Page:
Horse Agility online competitions are organized by Vanessa Bee in England. The link is: They are a great way for non-riders to keep motivated and moving on with training challenges.
      Thank you for your comments on my website. Always appreciated. I’m sure Cynthia Royal wouldn’t mind her quote being used and I certainly don’t mind.
      I have a clicker training development series on YouTube called: HorseGym with Boots. I believe it can be found by putting that title into the YouTube search engine, or searching for HerthaMuddyHorse.
      I’ve been delighted in the way you are making positive reinforcement a part of your overall training package.

      1. Hertha – I am really excited to see you do horse agillity. I will visit your website in greater detail later (it’s really late for me right now). I am also a fan of Vanessa Bee and I have her book 3 Minute Horsemanship and LOVE it! Between Callie and Bee, I have learned loads about horse training and have had some remarkable results! I, too, am very glad for postive reinforcement incorporated into the training. I have seen where wrangling just doesn’t work. Note to Callie – When I was researching horses and trying to get some idea on how to train them, I found your videos and loved (still love) your positive, gentle attitude! Being a novice trainier, I want to let you know that using what I’ve learned on your videos (and Bee’s book, too) I have had some fantatstic results. Thanks ever so much!!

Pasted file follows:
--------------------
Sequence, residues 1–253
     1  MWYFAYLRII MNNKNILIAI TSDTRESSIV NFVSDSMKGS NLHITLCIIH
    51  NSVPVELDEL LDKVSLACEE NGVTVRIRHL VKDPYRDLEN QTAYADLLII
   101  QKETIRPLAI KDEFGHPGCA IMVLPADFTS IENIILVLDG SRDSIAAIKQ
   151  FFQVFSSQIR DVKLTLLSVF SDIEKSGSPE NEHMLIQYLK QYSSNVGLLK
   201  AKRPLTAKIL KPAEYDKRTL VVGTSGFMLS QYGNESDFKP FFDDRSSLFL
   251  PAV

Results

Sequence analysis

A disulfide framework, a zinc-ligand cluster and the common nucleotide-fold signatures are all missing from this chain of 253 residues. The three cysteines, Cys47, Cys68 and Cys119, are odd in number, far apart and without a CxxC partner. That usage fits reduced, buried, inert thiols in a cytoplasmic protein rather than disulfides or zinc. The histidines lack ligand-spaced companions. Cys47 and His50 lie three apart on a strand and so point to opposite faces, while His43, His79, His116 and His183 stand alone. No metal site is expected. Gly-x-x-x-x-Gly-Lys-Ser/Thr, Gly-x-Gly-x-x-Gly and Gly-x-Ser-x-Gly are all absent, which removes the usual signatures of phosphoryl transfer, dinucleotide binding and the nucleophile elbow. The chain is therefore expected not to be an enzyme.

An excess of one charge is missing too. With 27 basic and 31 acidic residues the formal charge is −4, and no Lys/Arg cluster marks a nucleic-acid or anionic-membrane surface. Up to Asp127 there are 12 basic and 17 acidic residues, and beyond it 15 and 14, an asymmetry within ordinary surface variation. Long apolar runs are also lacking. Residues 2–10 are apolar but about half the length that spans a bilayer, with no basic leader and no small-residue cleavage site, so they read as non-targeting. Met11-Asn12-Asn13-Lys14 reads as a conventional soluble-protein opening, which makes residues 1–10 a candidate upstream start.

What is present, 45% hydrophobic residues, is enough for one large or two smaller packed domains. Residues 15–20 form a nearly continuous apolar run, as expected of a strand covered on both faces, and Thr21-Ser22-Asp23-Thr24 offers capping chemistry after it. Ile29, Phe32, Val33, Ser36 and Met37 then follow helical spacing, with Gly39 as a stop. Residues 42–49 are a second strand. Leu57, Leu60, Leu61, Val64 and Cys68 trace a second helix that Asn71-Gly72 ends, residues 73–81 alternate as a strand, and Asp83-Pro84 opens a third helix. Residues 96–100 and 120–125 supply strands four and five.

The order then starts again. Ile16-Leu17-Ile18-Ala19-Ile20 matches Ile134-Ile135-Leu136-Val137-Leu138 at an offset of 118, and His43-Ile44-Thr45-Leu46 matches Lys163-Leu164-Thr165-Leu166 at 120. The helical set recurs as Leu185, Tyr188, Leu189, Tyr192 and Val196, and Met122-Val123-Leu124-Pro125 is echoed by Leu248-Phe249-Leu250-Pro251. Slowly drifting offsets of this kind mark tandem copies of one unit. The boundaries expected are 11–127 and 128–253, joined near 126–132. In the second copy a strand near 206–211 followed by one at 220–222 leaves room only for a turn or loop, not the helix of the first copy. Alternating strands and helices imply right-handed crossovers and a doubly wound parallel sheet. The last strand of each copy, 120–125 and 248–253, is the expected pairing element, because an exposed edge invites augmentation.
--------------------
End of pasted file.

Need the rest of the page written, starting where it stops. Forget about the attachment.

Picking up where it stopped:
1. Connie,
          Did you find the website that has the Insulated Horse Bucket Holders?